By Christina Orlovsky Page, contributor
February 16, 2012 - The scenario is one of a patient’s worst nightmares: They go into the hospital for surgery and leave with a lot more than they bargained for--a foreign object left inside the surgical site. Left unnoticed, it could result in numerous medical complications, including infection, bowel perforation, abscess, undue pain, return to surgery and even death.
“It is estimated that 1,500 to 2,000 retained surgical item (RSI) incidents--where an object like a sponge or gauze is left inside a patient after a surgical procedure--occur each year in the United States. It is a dangerous, and often very costly, medical error,” explained Jeffrey Port, M.D., associate professor of cardiothoracic surgery and associate attending surgeon in the division of thoracic surgery at New York Presbyterian-Weill Cornell Medical Center in New York City.
Jeffrey Port, M.D., founder of RF Surgical Systems, reported that between 1,500 - 2,000 incidents of retained surgical items (RSIs) occur ever year in the United States.
“According to The Joint Commission, objects accidentally left inside a patient during surgery is among the top 10 sentinel events reported,” Port continued. “The number of RSIs nearly doubled in 2010 compared with 2008.”
With The Joint Commission’s continued focus on patient safety and the investigation of sentinel events, as well as payers’ denial of reimbursement for hospital-acquired conditions, prevention of RSIs has become even more critical. New technology has been developed to enhance clinicians’ ability to mitigate the risk of surgical instrument retention and protect patient safety.
“Combining standardized counting procedures with technology and improving communication are key processes for prevention of RSI,” explained Lisa Spruce, RN, DNP, director, evidence-based perioperative practice, with the Association of periOperative Nurses (AORN). “We have been using radiological verification for years to detect radiopaque soft goods and instruments. Today we have radiofrequency detection technology that can detect radiofrequency-tagged material that is used inside the patient. When a patient is scanned using this technology it will alert the surgical team that an item has remained inside the patient.”
One such technology is the RF Assure Detection System, developed by Bellevue, Washington-based RF Surgical Systems, Inc., which Port founded.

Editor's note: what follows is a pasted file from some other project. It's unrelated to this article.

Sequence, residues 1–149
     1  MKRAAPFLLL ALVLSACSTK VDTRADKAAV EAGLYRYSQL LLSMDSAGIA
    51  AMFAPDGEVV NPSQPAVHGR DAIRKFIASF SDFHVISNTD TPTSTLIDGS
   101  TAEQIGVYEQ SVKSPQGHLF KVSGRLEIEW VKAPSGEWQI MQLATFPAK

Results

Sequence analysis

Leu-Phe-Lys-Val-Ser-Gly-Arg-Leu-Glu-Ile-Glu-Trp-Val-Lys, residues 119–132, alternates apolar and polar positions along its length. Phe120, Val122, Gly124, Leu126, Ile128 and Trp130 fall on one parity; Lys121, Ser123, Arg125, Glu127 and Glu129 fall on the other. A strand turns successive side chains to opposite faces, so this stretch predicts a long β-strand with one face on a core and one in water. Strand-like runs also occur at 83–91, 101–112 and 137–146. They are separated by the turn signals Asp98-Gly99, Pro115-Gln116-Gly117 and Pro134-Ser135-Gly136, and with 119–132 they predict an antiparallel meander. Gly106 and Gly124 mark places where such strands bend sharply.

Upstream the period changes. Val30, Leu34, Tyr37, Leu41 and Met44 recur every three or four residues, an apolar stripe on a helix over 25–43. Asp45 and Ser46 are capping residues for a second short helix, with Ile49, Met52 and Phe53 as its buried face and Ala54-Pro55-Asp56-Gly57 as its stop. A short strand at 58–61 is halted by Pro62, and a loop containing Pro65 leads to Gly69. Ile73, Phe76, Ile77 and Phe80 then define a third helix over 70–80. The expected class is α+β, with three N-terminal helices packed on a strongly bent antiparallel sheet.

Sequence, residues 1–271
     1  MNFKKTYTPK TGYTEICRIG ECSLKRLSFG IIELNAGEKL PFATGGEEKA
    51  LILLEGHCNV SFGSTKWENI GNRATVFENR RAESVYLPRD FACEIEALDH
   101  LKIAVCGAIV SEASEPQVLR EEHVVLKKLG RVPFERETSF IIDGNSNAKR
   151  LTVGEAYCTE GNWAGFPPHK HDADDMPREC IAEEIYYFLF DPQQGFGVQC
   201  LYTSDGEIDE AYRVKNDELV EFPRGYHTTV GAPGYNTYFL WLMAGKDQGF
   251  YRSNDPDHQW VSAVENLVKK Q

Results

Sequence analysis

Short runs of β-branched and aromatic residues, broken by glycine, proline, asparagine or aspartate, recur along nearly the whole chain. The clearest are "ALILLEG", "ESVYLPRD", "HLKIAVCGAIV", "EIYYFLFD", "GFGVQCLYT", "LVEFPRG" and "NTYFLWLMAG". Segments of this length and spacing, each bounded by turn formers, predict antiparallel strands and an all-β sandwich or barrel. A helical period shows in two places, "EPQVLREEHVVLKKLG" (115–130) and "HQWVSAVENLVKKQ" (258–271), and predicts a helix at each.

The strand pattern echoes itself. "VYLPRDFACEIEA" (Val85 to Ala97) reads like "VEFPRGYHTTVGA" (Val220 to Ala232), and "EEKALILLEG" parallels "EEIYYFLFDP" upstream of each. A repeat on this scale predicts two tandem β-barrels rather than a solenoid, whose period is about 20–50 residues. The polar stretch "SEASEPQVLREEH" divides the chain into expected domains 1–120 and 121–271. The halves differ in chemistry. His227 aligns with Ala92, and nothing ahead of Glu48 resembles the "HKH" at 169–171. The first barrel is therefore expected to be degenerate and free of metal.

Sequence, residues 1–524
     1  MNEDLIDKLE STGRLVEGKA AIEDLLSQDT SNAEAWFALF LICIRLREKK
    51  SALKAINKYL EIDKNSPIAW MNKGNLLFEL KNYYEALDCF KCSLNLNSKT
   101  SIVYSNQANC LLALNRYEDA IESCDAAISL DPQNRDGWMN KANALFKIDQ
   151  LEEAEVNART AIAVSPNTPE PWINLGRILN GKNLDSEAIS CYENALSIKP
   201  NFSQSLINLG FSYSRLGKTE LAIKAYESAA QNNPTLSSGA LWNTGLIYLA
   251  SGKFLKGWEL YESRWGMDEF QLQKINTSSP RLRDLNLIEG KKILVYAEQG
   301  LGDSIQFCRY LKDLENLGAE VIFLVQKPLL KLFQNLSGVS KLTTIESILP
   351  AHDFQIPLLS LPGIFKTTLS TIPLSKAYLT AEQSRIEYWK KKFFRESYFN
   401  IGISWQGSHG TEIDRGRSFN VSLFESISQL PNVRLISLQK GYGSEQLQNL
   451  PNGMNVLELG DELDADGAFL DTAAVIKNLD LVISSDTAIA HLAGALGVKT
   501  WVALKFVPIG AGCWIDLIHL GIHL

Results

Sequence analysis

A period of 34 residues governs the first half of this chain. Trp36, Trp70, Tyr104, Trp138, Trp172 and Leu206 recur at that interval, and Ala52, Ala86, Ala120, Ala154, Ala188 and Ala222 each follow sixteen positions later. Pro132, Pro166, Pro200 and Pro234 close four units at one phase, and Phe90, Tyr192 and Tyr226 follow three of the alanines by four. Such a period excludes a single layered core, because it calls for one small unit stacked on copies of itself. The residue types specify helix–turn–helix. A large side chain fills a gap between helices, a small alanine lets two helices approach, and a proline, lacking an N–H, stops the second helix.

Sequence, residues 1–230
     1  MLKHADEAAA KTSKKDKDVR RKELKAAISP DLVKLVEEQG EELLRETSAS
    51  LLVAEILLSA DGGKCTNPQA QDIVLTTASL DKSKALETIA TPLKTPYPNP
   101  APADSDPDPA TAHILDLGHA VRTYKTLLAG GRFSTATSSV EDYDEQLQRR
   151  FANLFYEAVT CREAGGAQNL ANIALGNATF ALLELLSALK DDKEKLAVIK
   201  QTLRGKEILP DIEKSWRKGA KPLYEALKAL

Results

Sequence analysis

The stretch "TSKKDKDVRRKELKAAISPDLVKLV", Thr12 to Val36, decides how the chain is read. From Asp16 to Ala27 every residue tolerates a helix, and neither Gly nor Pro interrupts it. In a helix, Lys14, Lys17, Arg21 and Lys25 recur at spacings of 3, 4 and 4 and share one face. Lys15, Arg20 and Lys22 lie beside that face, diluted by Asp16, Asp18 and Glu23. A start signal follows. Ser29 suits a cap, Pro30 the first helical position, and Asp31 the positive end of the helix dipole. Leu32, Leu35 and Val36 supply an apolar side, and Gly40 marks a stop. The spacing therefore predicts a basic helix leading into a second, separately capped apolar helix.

The RF Assure Detection System features an automatic detection mat for “hands-free” patient scanning that can speed up searches and verify a nurse's count of surgical items.
“The RF Assure Detection System helps to eliminate the risk of an RSI by serving as an added verification and security for manual counting of surgical materials by OR staff,” Port explained. “The surgical count is an important process in the OR, but it’s one that can sometimes be compromised by distraction, multitasking, time limitations and human error--especially in bariatric, cardiac or trauma cases where risk for RSIs is higher.”
RF Assure works by placing a detection mat under a patient on the surgical table. Once surgery is complete--and prior to closure of the incision site--a wand is held over the patient to conduct a scan of the site and either verify the nurses’ count or alert them where an RSI is located, saving them time searching for the object.
“RF Assure provides the ability to verify a surgical sponge count quickly, with the push of a button,” he continued. “This improves efficiency and provides OR staff confidence that no objects are left behind. Furthermore, early detection of missing surgical items may also reduce the need for unnecessary X-rays and associated anesthesia time to locate any missing materials.”
While the evolution of new technology to prevent RSIs is undoubtedly beneficial, the important role of the nurse in advocating for patient safety in an OR setting cannot be denied. Nurses, who are responsible for ensuring that all surgical materials are accounted for after surgery, are critical eyes in any OR environment.
“Our first and foremost concern is the safety of the patient. Nurses are the voice of the patient and our role is to ensure that every item that is used inside the patient’s body during surgery is accounted for,” concluded Spruce. “The OR nurse follows and assures the team’s strict adherence to AORN’s Recommended Practices for Retained Surgical Items, organizational policy and procedure, and standardized processes for counting. The nurse is responsible to speak up if a situation arises that might threaten the safety of the patient.”
This month, AORN released the Implementation Guide for the “Recommended Practices for the Prevention of Retained Surgical Items.” This can be found in the February issue of the AORN Journal; it provides real-life scenarios that bridge the gap between AORN standards and their implementation. For more information, visit the AORN website.
© 2011. AMN Healthcare, Inc. All Rights Reserved.